What is Well Decommissioning and Why is it Important?

If you own a water well—or are planning to add one to your property—you’ve likely come across the term “decommissioning.” But what is decommissioning and what does it have to do with your water well? As professional drillers, we are also certified to decommission wells in Washington State. Read on to learn everything you need to know about decommissioning wells in the Pacific Northwest.

Decommissioning Basics

The word decommission is used to describe removing something from service. In the case of the military, they may decommission a base, or the Navy may decommission a ship. When it comes to water wells, the State of Washington requires that any old, unused, or abandoned well be properly decommissioned.

This is standard practice for many reasons. First, it allows the state to safely keep track of how many water wells are still in use. In order to better understand water supply and use, it helps to see how many homes, businesses, or farms depend on well water.

Second, proper decommissioning ensures old wells are not a safety hazard. When wells are abandoned, they present a risk to animals and humans alike. This is especially true of older, hand-dug wells that have wider openings.

Third, decommissioning standards also ensure that an abandoned well doesn’t pose a threat to the groundwater. Since that water is supplying your neighbors’ wells, and perhaps your new well, it is important that it stays clean and safe. When a well is left unused, it creates an opportunity for contaminants such as animal carcasses, fertilizer runoff, or landfill runoff to reach the groundwater.

Decommissioning plays an important role in the lifespan of a water well. As well owners, it’s our job to make sure any old or unused wells go through the proper steps to be decommissioned.

How to Decommission a Well

According to the Department of Ecology, there are thousands of abandoned wells in Washington State. If you come across an old or abandoned well on your property, or you wish to decommission your current well, there are specific steps you can take.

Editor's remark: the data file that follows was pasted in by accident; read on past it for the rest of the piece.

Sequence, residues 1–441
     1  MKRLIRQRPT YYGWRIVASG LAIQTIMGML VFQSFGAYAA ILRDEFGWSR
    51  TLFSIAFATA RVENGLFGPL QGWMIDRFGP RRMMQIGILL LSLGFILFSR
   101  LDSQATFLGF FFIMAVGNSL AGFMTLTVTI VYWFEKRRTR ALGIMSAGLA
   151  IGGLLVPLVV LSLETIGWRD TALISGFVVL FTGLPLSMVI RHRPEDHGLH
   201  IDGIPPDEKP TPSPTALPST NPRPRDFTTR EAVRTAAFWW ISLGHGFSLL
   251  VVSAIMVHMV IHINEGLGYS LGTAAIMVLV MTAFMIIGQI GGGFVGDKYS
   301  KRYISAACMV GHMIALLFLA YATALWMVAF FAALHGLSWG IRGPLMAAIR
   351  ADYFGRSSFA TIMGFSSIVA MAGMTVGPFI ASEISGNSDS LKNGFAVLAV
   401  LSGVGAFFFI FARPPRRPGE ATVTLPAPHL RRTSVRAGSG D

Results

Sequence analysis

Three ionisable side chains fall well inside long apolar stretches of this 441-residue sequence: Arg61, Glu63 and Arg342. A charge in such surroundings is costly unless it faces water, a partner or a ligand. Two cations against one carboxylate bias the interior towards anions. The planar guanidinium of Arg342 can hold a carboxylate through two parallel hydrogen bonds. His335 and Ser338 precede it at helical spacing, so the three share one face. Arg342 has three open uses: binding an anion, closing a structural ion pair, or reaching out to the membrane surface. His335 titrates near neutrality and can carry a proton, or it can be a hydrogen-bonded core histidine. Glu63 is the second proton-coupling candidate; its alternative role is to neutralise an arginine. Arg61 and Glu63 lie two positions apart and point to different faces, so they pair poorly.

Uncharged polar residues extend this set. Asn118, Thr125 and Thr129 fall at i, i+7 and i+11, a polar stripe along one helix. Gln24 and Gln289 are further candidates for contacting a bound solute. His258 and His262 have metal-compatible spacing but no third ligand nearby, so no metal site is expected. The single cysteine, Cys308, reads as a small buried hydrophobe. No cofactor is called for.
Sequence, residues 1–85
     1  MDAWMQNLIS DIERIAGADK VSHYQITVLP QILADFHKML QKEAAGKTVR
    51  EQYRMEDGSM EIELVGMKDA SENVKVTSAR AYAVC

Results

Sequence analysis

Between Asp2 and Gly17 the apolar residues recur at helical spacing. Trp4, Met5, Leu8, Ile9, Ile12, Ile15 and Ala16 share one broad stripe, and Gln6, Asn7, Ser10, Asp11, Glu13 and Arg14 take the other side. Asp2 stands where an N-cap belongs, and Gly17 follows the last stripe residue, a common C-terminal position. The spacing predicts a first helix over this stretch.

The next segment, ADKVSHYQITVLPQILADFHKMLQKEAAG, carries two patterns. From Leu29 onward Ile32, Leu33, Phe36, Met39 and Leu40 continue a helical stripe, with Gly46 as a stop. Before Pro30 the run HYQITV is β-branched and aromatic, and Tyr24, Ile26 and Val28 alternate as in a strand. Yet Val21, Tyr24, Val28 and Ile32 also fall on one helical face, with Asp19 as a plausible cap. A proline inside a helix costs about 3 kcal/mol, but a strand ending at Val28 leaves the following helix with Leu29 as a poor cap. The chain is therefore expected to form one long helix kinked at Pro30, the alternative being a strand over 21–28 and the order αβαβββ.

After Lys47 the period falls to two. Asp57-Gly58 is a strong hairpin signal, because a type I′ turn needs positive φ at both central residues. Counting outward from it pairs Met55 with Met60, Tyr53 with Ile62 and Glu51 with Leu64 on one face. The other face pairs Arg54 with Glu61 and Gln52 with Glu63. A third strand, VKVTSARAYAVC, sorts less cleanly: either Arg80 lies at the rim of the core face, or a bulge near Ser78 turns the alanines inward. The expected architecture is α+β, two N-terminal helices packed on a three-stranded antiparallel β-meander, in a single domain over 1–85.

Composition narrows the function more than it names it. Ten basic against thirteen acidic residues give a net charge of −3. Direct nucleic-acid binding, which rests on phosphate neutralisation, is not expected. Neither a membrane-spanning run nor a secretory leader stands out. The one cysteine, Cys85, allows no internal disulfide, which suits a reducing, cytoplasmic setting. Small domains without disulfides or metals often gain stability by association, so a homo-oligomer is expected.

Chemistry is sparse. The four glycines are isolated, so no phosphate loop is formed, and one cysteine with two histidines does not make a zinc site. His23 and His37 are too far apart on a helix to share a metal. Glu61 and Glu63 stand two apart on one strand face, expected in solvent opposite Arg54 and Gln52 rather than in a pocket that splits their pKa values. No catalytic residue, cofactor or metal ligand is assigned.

Only a licensed well driller can decommission a well in Washington. For the reason outlined above, property owners cannot decommission the well themselves.

To get started, first find a local drilling company that specializes in decommissioning. The Department of Ecology provides a helpful search engine to find a company in your area.

Once you’ve hired a drilling company and worked out a date to complete the work, submit a Notice of Intent at least 72 hours before the work is completed. This can be done simply by filling out this online form. Before you submit the Notice of Intent, speak with your drilling company. Some companies submit this form on behalf of the client.

A fee is also due at the time you submit the Notice of Intent. Currently, in Washington State, it costs $50 to decommission a well (this does not include drilling fees). Fees change regularly, so be sure to check back often. If you live outside of Washington, check with your county or local Department of Ecology for decommissioning fees and requirements.

Do I Have An Old Well on My Property?

Often property owners are unaware that there is an abandoned well on their land. If you did not receive a well disclosure or any indication that a well exists on your property when you purchased it, then how do you know if you have a well that needs to be decommissioned?

Some common things to look for when surveying land for a well include:

  • Depressions in your lawn
  • Pipes sticking out of the ground
  • Well houses or small, unused sheds
  • Concrete tiles
  • Plywood or brush covering holes in the ground

These are just a few of the items that help property owners detect abandoned wells. Another way to find old wells is to look at past deeds, paperwork, or water rights connected to your property. If your land was once farmland or used to raise livestock, there is a good chance an abandoned well lives on your property.

Decommissioning the Right Way

Professional well decommissioning ensures your well is safely sealed and capped, protecting your land and groundwater for future generations. Tacoma Pump and Drilling proudly serves residents and businesses in the Pacific Northwest with both well drilling and decommissioning. To learn more about our decommissioning services or to receive a quote, contact us today!